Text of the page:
thestar.com
Bob Aaron

Bob Aaron bob@aaron.ca

Court rules legal responsibility rests with city despite snow-clearing bylaws
STARFILE PHOTO
DIGGING OUT: Property owners can be fined for not clearing sidewalk but can't be sued in case of accidents, courts have ruled.
"On a typical winter morning almost anywhere in Canada, the silence of the pre-dawn hours is often broken by the sound of municipal snowploughs. Canadian taxpayers expect that their municipal governments will move quickly and efficiently to keep the streets and the sidewalks clear and safe."

So wrote Mr. Justice James MacPherson in a fascinating Court of Appeal case released earlier this year.

Winter officially arrives in this province with all its fury next Thursday, and a glimpse at the case of Bongiardina vs. (the City of) Vaughan is a worthwhile reminder of who bears the responsibility for failing to clear snow and ice from sidewalks in front of private property.

In many Canadian municipalities, local governments enact bylaws requiring residents to clear snow and ice from the municipally owned sidewalks in front of their properties within a prescribed period of time.

Failure to comply can result in a fine. But can it also result in the homeowner or tenant being responsible for damages in the failure to clear the sidewalk when someone is injured?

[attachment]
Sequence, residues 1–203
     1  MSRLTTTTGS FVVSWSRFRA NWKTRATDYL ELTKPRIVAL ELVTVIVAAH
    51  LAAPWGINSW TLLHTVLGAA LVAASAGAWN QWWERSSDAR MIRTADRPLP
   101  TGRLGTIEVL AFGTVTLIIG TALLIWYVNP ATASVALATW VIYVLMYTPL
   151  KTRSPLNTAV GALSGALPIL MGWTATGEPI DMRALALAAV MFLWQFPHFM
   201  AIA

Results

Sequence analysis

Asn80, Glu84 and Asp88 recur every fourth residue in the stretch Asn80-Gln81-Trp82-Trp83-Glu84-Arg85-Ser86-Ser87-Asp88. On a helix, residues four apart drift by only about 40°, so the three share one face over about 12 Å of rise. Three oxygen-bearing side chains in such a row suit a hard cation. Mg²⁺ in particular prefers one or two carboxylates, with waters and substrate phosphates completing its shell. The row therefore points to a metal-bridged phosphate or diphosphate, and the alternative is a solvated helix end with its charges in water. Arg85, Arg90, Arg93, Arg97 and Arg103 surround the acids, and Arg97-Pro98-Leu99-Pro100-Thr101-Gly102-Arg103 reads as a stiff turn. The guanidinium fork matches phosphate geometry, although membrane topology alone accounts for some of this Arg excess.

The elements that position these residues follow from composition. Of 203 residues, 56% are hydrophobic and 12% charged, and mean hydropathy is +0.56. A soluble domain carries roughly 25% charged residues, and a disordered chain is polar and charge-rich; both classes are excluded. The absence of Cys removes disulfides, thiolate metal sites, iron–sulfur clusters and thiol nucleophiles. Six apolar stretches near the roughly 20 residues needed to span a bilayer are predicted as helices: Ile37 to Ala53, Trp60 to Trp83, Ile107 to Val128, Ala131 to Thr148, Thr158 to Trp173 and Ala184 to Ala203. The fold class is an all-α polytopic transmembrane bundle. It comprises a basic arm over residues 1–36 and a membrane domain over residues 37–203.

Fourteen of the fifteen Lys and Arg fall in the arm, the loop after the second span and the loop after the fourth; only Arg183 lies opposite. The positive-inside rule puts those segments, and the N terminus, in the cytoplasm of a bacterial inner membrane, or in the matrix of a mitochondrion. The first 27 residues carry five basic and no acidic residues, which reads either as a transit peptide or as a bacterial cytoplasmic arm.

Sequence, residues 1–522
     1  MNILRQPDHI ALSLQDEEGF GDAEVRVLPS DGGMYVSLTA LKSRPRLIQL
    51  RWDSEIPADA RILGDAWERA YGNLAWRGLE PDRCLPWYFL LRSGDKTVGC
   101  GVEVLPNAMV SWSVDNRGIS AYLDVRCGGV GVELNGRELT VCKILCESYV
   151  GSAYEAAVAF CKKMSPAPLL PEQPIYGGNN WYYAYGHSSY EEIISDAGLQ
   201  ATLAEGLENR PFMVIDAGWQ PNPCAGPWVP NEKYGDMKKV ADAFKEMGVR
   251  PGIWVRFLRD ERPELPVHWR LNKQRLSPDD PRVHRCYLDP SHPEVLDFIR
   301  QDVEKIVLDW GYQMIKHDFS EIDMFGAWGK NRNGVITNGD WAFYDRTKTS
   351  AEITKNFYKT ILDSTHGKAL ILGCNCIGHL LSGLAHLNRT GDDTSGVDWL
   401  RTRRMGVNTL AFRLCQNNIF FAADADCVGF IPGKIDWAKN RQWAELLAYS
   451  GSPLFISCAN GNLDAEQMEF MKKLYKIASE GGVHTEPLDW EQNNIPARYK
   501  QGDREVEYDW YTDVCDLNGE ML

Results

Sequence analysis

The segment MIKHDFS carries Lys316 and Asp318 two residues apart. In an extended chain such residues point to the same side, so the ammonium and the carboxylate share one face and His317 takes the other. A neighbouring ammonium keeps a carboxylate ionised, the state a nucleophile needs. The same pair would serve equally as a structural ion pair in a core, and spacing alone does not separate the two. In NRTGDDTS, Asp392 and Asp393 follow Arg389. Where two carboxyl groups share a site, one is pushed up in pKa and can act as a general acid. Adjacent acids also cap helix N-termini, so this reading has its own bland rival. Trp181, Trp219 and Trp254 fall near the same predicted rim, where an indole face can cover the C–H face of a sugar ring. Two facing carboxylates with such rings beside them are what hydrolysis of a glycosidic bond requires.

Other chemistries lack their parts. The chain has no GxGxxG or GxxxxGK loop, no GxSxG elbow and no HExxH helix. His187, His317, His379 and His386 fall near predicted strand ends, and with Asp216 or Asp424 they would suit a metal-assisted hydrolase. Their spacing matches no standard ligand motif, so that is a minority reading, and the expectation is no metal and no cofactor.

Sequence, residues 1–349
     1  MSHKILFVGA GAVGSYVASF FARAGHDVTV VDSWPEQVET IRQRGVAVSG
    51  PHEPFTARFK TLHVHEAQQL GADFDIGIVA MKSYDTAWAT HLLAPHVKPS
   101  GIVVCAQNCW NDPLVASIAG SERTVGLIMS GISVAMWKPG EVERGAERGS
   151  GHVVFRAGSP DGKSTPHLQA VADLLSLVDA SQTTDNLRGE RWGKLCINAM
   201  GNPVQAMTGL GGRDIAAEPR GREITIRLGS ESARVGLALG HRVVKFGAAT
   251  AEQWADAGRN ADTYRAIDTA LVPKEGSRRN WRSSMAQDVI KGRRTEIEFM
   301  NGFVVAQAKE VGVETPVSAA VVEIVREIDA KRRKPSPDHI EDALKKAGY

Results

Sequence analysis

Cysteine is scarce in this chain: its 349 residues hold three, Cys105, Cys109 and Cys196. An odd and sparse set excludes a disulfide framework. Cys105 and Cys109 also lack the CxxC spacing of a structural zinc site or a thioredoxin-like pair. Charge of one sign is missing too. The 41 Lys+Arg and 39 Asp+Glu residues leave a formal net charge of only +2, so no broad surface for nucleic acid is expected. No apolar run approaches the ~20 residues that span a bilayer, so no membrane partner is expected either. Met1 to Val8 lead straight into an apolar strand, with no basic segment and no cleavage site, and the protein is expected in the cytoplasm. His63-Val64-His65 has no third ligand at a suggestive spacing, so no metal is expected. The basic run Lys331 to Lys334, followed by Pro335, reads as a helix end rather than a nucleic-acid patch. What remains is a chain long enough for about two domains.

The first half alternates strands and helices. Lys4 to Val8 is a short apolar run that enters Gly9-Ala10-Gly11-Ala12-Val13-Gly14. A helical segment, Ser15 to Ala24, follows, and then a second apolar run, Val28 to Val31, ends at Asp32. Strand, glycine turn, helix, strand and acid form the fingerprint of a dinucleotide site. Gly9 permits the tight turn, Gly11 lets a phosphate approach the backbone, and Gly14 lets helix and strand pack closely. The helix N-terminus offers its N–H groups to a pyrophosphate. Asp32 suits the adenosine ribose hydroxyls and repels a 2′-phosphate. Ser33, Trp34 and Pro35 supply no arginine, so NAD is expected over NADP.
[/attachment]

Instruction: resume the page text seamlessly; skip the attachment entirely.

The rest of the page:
That was the question the Court of Appeal had to consider in the Bongiardina case.

On Jan. 23, 1997, Concetta Bongiardina fell on the sidewalk in front of a house on Chancellor Dr. in Vaughan, owned by Carlo and Carmela Mangiapane. Bongiardina suffered injuries in the fall and sued the City of Vaughan, claiming that the accumulation of snow and ice on the sidewalk was a hazard and nuisance.

Under the Municipal Act, Ontario municipalities have a duty to remove snow and ice from sidewalks and are responsible for breaching that duty. When Vaughan got sued, it denied responsibility and added the Mangiapanes to the lawsuit, claiming they were in violation of a bylaw requiring owners to clear snow from the sidewalks next to their properties.